US Open champion Strange fills gap in golfing portfolio
| Brookline, Mass.
It only takes a couple of bad shots at the wrong time to saddle a golfer with a reputation for failing the big tests - and so it was with Curtis Strange. After he hit two balls in the water to blow the 1985 Masters, it didn't seem to matter that Strange broke money-winning records in two of the last three years and stood on the threshhold of greatness. No matter how much he accomplished, he couldn't shed his image as the best player never to win a major - the guy who wins money but not titles. Now, of course, Strange has finally silenced his critics - winning the 88th US Open with a magnificent 6-under-par 278 for the regulation 72 holes followed by a four-stroke victory over British Open champion Nick Faldo in an 18-hole playoff Monday.
The outcome was a doubly important one because of what happened three years ago at Augusta - as the 33-year-old veteran from Kingsmil, Va., was the first to acknowledge.
``I messed up that Masters, and I was as disappointed as anyone,'' he said. ``...I've been waiting a long time for this.''
Although Strange was never far from the lead here as he shot rounds of 70-67-69-72, and he never trailed Faldo in the playoff, his eventual triumph still didn't come without its full quota of anxious moments.
Strange moved into the lead midway through Saturday's third round and appeared to be taking command when his game suddenly turned shaky near the end of the day. He hit into a trap and missed an 8-foot putt to bogey the 16th, then three-putted the 17th for another bogey to let defending champion Scott Simpson, British Open titleholder Nick Faldo, and Bob Gilder all close the gap to one stroke.
That got the whispers going, and it didn't help when he started out in similar fashion Sunday, bogeying two of the first three holes to fall out of the lead. He settled down after that, though, while Simpson and Gilder both ran into trouble, leaving the issue pretty much between him and Faldo down the stretch.
At the 16th, Strange sank a 25-foot putt for the birdie that put him back in command. But on the 17th, sitting on the green 10 or 11 feet from the cup with the title in his grasp, he rolled his putt five feet past the hole and missed coming back for the bogey that let Faldo back in it. Both parred the 18th, creating a playoff for the title and setting a lot of memory banks in motion.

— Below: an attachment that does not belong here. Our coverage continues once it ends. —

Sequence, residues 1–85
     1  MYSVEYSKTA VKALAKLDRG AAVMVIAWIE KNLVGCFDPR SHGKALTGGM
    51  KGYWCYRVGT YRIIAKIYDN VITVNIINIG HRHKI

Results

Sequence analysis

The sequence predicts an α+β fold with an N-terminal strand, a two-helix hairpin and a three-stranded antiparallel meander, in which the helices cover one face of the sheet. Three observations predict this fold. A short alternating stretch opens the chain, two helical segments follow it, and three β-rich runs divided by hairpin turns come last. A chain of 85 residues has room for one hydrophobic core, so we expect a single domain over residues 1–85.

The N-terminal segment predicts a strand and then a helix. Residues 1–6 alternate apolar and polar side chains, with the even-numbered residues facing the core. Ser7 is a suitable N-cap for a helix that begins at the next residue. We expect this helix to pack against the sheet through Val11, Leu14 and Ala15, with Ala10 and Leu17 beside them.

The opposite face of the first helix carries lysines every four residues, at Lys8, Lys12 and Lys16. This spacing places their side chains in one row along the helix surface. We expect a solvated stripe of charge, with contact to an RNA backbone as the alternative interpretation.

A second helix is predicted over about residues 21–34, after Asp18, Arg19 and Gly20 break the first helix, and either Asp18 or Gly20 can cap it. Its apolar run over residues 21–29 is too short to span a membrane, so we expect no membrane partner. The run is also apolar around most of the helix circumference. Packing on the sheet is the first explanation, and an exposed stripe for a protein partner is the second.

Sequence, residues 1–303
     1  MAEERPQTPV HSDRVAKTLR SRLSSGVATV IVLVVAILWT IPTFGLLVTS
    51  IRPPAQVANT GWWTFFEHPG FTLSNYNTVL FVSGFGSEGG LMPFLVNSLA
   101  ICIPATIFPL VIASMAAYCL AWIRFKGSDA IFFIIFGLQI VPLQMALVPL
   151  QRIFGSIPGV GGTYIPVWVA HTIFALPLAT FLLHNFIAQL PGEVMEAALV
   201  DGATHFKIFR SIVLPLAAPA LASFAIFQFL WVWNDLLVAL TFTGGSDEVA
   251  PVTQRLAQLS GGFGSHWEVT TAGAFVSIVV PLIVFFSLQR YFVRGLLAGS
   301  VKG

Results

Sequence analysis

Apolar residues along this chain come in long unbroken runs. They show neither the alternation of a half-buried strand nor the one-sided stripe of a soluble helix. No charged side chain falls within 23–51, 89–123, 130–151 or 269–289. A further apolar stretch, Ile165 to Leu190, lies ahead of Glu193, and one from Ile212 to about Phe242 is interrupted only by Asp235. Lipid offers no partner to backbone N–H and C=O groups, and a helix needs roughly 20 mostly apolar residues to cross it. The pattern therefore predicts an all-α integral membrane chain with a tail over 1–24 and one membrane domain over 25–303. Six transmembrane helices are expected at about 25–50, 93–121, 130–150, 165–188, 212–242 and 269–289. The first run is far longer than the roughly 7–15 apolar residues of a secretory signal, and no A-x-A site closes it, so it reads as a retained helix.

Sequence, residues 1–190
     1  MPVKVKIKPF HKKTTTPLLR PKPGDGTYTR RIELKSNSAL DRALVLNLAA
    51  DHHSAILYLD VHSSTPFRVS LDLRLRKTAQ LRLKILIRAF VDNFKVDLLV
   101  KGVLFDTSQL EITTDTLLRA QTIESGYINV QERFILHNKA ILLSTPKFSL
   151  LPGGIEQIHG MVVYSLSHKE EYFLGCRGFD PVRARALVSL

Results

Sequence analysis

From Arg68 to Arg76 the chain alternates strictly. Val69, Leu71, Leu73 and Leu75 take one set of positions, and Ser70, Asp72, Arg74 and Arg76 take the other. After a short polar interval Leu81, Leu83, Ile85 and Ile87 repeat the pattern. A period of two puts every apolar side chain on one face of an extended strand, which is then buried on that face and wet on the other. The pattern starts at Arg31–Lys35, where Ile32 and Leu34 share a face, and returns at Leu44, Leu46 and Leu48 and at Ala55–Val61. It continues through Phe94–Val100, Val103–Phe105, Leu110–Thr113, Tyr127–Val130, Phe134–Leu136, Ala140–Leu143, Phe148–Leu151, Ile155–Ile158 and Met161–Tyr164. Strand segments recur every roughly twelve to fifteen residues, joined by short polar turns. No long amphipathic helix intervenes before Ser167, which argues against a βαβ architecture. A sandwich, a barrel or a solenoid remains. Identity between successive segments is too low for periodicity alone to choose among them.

This was the third Open on this historic course at the nation's very first country club, and both others also had gone to playoffs at least partly because of difficulties by one or more contestants on or around that treacherous 17th green. It was there in 1913 that the great British champion Harry Vardon had trouble getting out of a bunker, setting up the three-way playoff eventually won in a historic upset by Francis Ouimet. And it was on that same hole in the last round in 1963 that Arnold Palmer missed an 18-inch putt and Jacky Cupit took a double bogey 6, setting up another three-man playoff in which both lost out to Julius Boros.
A more recent memory, of course, was that 1985 Masters, when Strange led going into the final nine holes only to bogey both par 5s as Bernhard Langer surged past him for the title.
With that one for precedent, and in view of Curtis's late shakiness Saturday and his erratic play Sunday, it was hard not to wonder if had set himself up for another near-miss. But he came out confidently Monday, birdied two of the first five holes, and never relinquished the lead although the duel was closer than the final 71-75 margin makes it appear.
Leading by just one stroke after 12 holes, Strange took command on the 13th by sinking a 29-foot birdie putt while Faldo took a bogey to drop three strokes off the pace. The Englishman came right back with a birdie on 14 to cut the margin to two strokes but couldn't get any closer.